Devils Leave Dogs With The Blues 63-55

Duke has a national Player of the Year candidate in the backcourt, and double-double power in the post. But with Mississippi State threatening to spoil the top-seed's expected run through the NCAA Regional, it was a third Blue Devil that saved their day and ended MSU's season.

Daniel Ewing scored 22 points, including the two decisive baskets, to lead #3-ranked Duke past the Bulldogs 63-55 in the second round of the Charlotte sub-Regional. Ewing's heroics made sure the Blue Devils (27-5) advanced to the ‘Sweet 16' round in next weekend's Austin Regional, while Mississippi State left the Charlotte Coliseum 23-11 and done for the year.

Coach Rick Stansbury knew exactly who to credit—or blame. The Bulldogs managed to battle Duke stars J.J. Redick and Shelden Williams essentially to a draw, but…"Ewing is that third guy," Stansbury said. "He's the guy that really hurt us, he completed every play down that stretch."

It was Ewing indeed who came through in the crunch when the #9-seeded Dogs were again in position to spoil brackets all across the land, not to mention TV programming plans. After State guard Shane Power scored on a baseline drive the Blue Devils were only ahead 55-35 with 3:16 to go. Over half the remaining time would pass before either side scored, with MSU forward Lawrence Roberts banging a dunk attempt off the front iron and Redick charging into a turnover.

With two minutes showing the Bulldogs tried to run a play only to have Reddick steal the soft bounce-pass. His running layup was blocked from behind by guard Winsome Frazier, but Ewing was trailing and scored the rebound at 1:35. Thus when Roberts did get a dunk down the Devils still had their lead, and with 61 seconds to go Ewing burst around the left side for a short lay-in and four point cushion.

Mississippi State had no answer as Power was jammed by Williams and guard Gary Ervin was rejected by Shavlik Randolph. Both swats were rebounded by Dukies for fouls and four icing free throws, the last fittingly enough by Ewing. "That's typical Duke basketball," said Ervin.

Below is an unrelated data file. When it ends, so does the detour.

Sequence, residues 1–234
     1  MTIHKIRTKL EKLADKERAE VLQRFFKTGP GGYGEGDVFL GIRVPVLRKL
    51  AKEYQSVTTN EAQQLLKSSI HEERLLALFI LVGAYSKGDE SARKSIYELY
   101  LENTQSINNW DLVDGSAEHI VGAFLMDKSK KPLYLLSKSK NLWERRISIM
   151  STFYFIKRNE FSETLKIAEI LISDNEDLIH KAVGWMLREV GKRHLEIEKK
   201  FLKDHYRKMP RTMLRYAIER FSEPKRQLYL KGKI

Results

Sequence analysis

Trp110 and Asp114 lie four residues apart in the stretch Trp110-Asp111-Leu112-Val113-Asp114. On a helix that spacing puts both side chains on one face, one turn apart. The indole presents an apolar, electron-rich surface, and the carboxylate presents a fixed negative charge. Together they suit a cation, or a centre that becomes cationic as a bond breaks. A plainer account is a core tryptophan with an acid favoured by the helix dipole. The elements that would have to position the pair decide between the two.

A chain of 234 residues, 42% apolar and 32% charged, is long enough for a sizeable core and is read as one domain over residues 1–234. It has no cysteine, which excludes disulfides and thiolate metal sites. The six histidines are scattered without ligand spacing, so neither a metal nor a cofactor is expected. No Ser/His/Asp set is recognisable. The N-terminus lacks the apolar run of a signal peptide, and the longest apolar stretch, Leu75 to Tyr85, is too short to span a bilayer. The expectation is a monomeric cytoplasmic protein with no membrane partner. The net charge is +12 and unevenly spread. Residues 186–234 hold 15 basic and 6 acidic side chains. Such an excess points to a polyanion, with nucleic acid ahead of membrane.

"You can pinpoint a lot of stuff," forward Ontario Harper said. "But what it came down to is they executed better than we did and we just didn't execute enough."

The stat sheet related that fundamental fact. The Blue Devils shot a little better, 38% to 32%; eked out a 43-39 edge on the backboards; and most of all they came up with whatever sort of do-or-done play was demanded. That was why Duke is still playing and the Bulldogs flew home to Starkville late Sunday evening to turn in game gear.

"That's why they're Duke I guess," said Stansbury. "It seemed every big play that had to be made down the stretch, Duke made those plays."

Ewing's clutch plays stood out most, though he had plenty of help from Redick (16 points) and Williams (13 points, 15 rebounds, and three blocked shots). The Devils were, as usual, infernally good at the foul line as well with 17-of-21 accuracy. Still the region's top seed was pushed to their limit and had to make those biggest plays.

"I think we had them on the ropes," said Harper, and no one in the media corps or Duke locker room would dispute the statement. After trailing by eight points at intermission and 35-24 with 17:40 on the second-half clock, the Bulldogs made it a contest to the end. "We came out the second half and got that game going our way," said Stansbury.

Just not all the way, though it cut too close for Duke's comfort. Roberts and Frazier opened the comeback with baskets for five points and Roberts swatted a Redick layup aside. The rally gained pace and a breakneck drive by guard Dietric Slater paid off and in transition Harper sank a corner-trey that had the Dogs within 40-39 and Duke calling time. But after Williams clanked a dunk Ervin raced end-to-end and State had its first lead since the 13:00 mark of the first half.

There was no mystery to the comeback, the coach said. "We didn't panic. We felt we'd play better off the second half and we did. We played better defense, and got the ball in transition a bunch."

Sadly, the Dogs could not finish on the same sort of run. A couple of lead-swaps meant the ‘fourth quarter' began with a 45-45 tie and a two-minute scoring drought with seven combined misses as two intense defenses got even fiercer. Ewing gave a preview of things to come with a trey at 8:20 and Williams converted a rebound, but Roberts dunked and Frazier threw in a turnaround, tying trey at 5:38. It was the last deadlock of the day as at 4:21 Williams rebounded, scored, was fouled and finished a three-point play.